Shortness of Breath Anxiety
Shortness of breath:
- You feel that you are short of breath or that your breathing(or breath) is forced or labored.
- You become conscious of how you are breathing and have a hard time catching your breath.
- It seems like you have to force yourself to breathe in fear that if you don't, you'll stop breathing or pass out.
- Or for no apparent reason, you feel out of breath and find yourself doing an unusual amount of yawning in an attempt to catch your breath.
- It also may feel like you are so out of breath that you have to gasp for air or that you can't breathe deep enough.
Shortness of breath may precede, accompany, or follow an escalation of other anxiety sensations and symptoms, or occur by itself.
Shortness of breath can precede, accompany, or follow an episode of nervousness, fear, and elevated stress, or occur ‘out of the blue’ and for no apparent reason.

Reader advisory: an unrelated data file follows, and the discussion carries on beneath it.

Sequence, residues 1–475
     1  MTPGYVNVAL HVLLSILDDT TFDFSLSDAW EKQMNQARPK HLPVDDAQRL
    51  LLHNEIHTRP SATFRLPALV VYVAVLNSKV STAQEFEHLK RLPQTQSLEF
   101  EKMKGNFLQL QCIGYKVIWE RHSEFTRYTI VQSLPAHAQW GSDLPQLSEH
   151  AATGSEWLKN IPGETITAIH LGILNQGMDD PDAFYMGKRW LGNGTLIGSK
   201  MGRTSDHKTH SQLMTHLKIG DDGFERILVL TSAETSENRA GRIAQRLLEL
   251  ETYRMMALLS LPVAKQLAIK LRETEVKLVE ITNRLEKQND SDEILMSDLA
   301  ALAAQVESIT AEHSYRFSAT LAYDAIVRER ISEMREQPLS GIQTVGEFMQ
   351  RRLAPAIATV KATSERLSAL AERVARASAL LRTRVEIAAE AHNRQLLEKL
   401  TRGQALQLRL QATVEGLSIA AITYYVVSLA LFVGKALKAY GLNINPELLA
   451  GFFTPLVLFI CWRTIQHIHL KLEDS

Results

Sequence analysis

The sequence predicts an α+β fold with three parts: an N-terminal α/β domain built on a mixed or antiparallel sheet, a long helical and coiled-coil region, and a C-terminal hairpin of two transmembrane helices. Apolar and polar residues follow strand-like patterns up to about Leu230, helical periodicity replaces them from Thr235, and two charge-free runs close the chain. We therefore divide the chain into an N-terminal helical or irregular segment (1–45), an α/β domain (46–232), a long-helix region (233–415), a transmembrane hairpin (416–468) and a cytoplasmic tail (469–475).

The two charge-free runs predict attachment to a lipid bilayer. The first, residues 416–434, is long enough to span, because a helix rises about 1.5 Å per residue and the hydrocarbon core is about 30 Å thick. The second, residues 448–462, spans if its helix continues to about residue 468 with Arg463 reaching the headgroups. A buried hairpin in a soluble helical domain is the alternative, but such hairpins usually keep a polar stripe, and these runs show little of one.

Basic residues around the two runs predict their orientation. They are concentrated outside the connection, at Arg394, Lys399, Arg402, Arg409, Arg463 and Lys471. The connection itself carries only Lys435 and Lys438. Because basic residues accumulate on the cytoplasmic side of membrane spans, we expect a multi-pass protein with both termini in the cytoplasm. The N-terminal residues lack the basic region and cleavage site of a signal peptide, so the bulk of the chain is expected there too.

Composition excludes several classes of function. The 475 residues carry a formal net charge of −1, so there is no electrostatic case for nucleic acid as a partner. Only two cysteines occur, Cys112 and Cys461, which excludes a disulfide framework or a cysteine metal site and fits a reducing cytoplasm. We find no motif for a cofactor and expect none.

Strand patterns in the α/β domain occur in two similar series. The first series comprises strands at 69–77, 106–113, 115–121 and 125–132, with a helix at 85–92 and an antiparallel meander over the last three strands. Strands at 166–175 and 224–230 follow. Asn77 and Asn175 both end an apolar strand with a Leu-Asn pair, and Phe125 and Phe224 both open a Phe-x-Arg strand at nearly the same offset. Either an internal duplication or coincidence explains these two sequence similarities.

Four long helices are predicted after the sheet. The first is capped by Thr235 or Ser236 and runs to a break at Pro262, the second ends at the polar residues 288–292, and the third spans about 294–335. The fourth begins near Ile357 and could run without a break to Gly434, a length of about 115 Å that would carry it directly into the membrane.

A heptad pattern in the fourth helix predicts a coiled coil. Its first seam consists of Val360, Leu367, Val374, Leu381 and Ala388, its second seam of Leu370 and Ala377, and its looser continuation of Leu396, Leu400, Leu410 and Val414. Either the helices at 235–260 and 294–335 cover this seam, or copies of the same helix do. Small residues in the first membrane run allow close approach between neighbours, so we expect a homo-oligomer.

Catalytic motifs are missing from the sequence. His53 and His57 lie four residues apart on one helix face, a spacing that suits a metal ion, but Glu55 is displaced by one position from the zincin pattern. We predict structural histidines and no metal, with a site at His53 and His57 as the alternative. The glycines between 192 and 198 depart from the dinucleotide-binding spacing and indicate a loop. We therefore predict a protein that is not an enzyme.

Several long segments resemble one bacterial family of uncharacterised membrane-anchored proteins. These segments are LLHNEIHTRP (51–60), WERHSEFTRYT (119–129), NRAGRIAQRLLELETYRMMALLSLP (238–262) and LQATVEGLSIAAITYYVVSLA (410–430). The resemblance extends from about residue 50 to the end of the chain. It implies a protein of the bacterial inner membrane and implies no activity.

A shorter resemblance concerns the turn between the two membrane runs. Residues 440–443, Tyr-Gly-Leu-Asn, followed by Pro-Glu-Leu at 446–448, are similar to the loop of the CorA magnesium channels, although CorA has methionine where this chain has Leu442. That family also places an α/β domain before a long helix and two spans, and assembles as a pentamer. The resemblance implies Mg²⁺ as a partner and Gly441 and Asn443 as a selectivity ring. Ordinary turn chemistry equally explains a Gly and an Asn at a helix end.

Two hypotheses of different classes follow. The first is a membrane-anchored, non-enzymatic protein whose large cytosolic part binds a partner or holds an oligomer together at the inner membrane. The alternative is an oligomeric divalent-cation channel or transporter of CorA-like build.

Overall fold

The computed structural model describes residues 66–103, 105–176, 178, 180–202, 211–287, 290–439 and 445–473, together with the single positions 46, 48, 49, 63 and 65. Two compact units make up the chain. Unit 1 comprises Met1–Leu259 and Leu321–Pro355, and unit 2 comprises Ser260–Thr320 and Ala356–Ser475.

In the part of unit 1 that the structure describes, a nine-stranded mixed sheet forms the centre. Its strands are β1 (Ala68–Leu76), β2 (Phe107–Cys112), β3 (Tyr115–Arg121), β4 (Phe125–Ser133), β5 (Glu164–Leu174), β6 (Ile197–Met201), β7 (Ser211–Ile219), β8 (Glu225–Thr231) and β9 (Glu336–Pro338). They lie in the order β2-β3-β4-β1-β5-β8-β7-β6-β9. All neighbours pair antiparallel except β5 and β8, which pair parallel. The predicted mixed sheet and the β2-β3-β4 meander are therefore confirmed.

Shortness of breath can occur rarely and last only for a few moments, occur frequently and last for an extended period of time (minutes to an hour), or persist indefinitely.
Shortness of breath can be mildly noticeable, moderately bothersome, or greatly problematic.
Shortness of breath can change from day to day, and/or from moment to moment.
All variations and combinations are common.
For more information about the shortness of breath symptom and what causes it, see our "shortness of breath anxiety symptoms" here.
For a more detailed explanation about all anxiety symptoms, including shortness of breath, why symptoms can persist long after the stress response has ended, common barriers to recovery and symptom elimination, and more recovery strategies and tips, we have many chapters that address this information in the Recovery Support area of our website. Chapter 9 in the Recovery Support area is our "Symptoms" chapter. This chapter contains the most comprehensive information about anxiety symptoms anywhere. We've spent a great deal of time and effort putting this symptoms resource together. Click the button below for more information:
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Authors: Jim Folk, Marilyn Folk, BScN. Last updated April 2015.